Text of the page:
Protests aren't the only factor dampening Hong Kong's economy.
As clashes between protestors and police continue, Hong Kong's economic situation is getting more dire. For the first time in a decade, the territory has slipped into recession. After five months of unrest, political instability is clearly a factor when it comes to Hong Kong dwindling fortunes but it not the only headwind, say experts.
"The recession cannot be attributed solely social unrest but it is certainly aggravating it massively," Alicia Garcia Herrero, chief economist for Asia-Pacific at investment bank Natixis, tells Global Finance.
For three months to September Hong Kong's GDP shrank 3.2% from the previous quarter. This follows a 0.4% drop the previous quarter—meaning a technical recession. Before the figures were revealed, Hong Kong's chief executive Carrie Lam said that special administrative region was likely to miss the government revised forecast of 0%-1% for 2019.
Hong Kong's financial markets also continue to take a massive hit. This week, the Hong Kong stock exchange saw its biggest single day decline in three months, dropping 2.6% on Monday, continuing a downward trajectory that started with the protests in June. The US has called on both sides to de-escalate the violence, but even if Hong Kong overcomes its political impasse, its economy faces an uphill struggle.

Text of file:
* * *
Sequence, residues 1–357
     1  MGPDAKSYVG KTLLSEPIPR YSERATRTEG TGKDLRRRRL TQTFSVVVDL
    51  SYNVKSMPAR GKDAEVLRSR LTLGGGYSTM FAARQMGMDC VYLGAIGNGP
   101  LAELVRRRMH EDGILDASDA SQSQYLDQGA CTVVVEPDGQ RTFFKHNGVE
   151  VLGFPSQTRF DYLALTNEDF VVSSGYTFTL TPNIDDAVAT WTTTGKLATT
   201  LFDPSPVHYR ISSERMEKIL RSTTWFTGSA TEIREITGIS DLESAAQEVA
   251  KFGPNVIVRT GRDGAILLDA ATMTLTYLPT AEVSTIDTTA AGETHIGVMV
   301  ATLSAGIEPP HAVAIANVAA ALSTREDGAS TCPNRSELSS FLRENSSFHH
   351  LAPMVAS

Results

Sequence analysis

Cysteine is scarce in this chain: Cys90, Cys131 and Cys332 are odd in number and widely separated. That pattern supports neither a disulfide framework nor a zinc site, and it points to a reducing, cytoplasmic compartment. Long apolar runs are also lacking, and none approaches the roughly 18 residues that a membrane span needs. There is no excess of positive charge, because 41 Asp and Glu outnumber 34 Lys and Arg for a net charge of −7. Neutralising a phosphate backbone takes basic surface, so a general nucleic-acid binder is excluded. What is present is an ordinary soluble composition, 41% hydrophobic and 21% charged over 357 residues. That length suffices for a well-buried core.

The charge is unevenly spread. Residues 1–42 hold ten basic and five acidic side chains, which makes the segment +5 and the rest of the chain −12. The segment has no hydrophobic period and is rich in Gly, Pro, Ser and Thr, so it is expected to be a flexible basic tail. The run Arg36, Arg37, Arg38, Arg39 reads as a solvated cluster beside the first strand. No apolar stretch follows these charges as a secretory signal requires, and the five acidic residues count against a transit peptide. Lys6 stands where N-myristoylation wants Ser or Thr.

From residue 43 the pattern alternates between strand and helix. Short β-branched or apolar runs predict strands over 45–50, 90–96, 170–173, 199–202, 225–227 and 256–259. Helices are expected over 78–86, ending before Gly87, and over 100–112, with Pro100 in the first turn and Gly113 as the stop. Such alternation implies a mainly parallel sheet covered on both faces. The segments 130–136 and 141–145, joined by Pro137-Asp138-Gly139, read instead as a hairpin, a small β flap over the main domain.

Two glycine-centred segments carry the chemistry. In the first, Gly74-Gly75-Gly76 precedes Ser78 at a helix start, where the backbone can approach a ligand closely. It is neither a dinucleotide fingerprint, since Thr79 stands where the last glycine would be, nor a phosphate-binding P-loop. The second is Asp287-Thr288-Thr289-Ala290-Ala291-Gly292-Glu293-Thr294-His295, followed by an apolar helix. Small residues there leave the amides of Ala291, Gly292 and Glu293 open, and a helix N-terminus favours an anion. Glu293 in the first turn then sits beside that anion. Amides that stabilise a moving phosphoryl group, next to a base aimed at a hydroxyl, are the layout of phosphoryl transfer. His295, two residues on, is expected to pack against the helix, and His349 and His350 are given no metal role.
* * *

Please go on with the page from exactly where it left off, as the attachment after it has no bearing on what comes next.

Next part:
Like Natixis' Garcia Herrero, Gary Hufbauer, an economist and non-resident senior fellow at the Peterson Institute for International Economics, says domestic politics are just part of Hong Kong's problem. He notes that the recession owes just as much to trade wars.
"An awful lot of US exports to China, and imports from China, pass through Hong Kong," he says. "Bilateral US-China trade volumes are down about 15%-20% thanks to the trade war. Moreover, global merchandise trade will only grow 1.2% in 2019 [per DG Azevedo] and global services trade won’t do much better."
Asia's other big trading hub, Singapore, has also taken a hit from the trade war, although not as badly as Hong Kong, according to Hufbauer. While growth has been lackluster, the city state's Ministry of Trade and Industry still expects growth to be 0% to 1% for 2019. Furthermore, as Singapore stands to gain as business and capital moves out of Hong Kong. Investment will be needed to reverse the trend.
"The way out of recession for Hong Kong is, first, a massive fiscal stimulus," argues Herrero. "Second, [is] a commitment to keep HK’s intrinsic benefits, such as the rule of law and judiciary independence. If there is doubt about the latter, which is obviously the case these days, Hong Kong will continue to lose steam as a major international financial centre."
The Chinese government seems unwilling thus far to give ground to protestor demands. The "one country, two systems" approach that has sustained Hong Kong since the British handover no longer seems to work.
"For the future, Beijing has every reason to want a prosperous Hong Kong," says Hufbauer. "My guess is that President Xi will deftly use every tool at his disposal to quiet the unrest. Perhaps some political concessions will do the trick. Heavy handed use of the army will cast a pall over HK for years."